Bishop bill lets states block federal protection plans

By Scott Streater | 03/17/2016 07:17 AM EDT

GOP congressional leaders are attempting to block the Obama administration’s sweeping greater sage grouse conservation plans, introducing legislation this week that would allow governors to block any provision in the federal plans that does not conform to state grouse conservation strategies.

GOP congressional leaders are attempting to block the Obama administration’s sweeping greater sage grouse conservation plans, introducing legislation this week that would allow governors to block any provision in the federal plans that does not conform to state grouse conservation strategies.

House Natural Resources Chairman Rob Bishop’s (R-Utah) bill, H.R. 4739, would impair the federal grouse plans, which took years to develop and are generally acknowledged as among the most ambitious and complex conservation initiatives ever undertaken by the Interior and Agriculture departments, spanning nearly 70 million acres of sage grouse habitat across the Rocky Mountain and Great Basin regions.

The federal plans call for amending 98 Bureau of Land Management and Forest Service land-use plans in 10 Western states to incorporate strong grouse protections. The federal plans also propose withdrawing 10 million acres of the most critical grouse habitat from new mining claims. The federal plans were a key factor in the Fish and Wildlife Service’s decision in September not to list the greater sage grouse for protection under the Endangered Species Act.


But Bishop’s bill would give states the option to block those amendments, as well as the proposal to restrict new mining claims in Idaho, Montana, Nevada, Oregon, Utah and Wyoming.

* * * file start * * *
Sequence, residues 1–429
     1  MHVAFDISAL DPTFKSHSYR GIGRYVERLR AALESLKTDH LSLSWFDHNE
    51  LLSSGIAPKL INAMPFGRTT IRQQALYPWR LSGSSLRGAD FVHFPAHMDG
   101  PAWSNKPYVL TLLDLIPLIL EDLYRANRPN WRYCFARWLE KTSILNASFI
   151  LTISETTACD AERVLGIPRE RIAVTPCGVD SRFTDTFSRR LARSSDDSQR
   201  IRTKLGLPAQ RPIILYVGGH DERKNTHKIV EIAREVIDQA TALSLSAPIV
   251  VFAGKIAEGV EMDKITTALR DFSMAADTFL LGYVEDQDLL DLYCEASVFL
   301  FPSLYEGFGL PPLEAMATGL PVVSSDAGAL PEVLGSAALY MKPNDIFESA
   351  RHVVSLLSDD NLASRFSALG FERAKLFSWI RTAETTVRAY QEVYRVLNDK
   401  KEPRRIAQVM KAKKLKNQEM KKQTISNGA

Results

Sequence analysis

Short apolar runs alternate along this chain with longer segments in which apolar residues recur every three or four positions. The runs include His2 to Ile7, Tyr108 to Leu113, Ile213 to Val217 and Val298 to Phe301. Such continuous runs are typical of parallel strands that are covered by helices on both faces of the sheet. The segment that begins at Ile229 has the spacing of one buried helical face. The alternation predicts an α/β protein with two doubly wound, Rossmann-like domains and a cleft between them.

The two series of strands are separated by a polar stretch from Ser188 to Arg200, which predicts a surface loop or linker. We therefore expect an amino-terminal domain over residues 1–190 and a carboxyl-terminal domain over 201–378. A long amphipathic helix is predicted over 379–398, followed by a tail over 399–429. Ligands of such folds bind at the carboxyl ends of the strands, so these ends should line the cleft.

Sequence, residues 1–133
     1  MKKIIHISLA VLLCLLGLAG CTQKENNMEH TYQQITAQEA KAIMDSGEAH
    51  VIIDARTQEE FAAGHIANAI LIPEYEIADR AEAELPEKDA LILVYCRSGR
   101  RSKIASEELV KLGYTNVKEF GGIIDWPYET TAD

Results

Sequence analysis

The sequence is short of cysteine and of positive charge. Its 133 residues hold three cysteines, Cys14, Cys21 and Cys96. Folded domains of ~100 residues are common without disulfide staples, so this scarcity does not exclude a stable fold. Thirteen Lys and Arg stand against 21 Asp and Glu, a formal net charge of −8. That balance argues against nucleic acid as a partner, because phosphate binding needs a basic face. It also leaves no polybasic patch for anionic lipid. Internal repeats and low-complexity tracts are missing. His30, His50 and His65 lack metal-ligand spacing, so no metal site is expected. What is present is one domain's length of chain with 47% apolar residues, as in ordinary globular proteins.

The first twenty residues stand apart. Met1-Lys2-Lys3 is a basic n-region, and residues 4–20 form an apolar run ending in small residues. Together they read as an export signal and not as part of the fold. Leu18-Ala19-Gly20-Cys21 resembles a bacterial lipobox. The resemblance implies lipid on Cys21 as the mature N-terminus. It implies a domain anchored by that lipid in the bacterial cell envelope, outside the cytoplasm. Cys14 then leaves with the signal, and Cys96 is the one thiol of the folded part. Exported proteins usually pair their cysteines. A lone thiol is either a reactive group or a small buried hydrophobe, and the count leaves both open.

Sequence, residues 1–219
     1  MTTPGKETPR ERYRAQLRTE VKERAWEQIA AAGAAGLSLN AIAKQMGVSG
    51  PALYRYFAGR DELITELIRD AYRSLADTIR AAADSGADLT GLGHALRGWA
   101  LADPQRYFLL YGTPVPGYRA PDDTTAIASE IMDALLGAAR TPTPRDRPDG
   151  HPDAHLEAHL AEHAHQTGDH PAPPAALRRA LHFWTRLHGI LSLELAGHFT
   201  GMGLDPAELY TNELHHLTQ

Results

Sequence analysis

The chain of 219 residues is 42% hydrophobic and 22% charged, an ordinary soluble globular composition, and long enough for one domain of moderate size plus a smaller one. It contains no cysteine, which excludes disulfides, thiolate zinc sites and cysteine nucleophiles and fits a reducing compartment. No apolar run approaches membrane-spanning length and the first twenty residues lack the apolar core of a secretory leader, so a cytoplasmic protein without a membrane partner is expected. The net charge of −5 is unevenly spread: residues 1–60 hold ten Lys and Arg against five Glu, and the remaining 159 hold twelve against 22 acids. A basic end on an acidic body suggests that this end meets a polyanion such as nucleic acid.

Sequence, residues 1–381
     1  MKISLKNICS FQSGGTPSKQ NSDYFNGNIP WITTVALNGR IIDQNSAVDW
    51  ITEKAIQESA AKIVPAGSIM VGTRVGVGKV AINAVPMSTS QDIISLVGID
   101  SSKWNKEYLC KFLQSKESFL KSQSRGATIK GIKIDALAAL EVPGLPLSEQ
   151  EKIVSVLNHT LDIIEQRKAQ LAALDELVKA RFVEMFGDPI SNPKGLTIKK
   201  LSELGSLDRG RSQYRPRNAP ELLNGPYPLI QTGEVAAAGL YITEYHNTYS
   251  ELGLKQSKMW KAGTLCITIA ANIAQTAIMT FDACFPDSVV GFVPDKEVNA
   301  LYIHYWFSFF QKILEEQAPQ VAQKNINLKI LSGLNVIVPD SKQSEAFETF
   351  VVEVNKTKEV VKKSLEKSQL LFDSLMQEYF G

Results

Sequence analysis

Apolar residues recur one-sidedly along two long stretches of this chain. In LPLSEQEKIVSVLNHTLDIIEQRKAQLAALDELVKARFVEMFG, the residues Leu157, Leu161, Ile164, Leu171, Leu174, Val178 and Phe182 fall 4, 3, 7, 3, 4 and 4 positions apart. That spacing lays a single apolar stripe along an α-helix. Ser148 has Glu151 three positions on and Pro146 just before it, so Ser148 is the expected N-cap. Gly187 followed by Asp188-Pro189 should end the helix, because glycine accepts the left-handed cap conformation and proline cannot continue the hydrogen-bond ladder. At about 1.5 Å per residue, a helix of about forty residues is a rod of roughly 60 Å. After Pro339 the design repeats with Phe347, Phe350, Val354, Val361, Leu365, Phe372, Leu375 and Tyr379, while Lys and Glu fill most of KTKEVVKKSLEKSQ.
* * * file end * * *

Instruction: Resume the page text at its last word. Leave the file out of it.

The "Greater Sage Grouse Protection and Recovery Act of 2016" would also forbid the Interior secretary until Sept. 30, 2026, from "making a finding" changing the Fish and Wildlife Service decision last fall not to list the sage grouse for protection under the Endangered Species Act. In essence, "the conservation status" of the sage grouse "shall remain not warranted for listing" for the next decade, the bill says.

The only stipulation is that the governors of each state covered by the federal plan must notify the secretaries of the Interior and Agriculture departments that they have implemented their own sage grouse conservation plans. Once done, neither Interior nor USDA can "amend or otherwise modify any Federal resource management plan applicable to Federal land in the State, in a manner inconsistent with the State management plan for a period … of at least five years beginning on the date of the notification," the bill states.

What’s more, any federal land-use plan amendment involving the management of sage grouse or their habitat that was made "during the three-year period preceding the date of the notification" will be halted if these changes are deemed "inconsistent with the State management plan."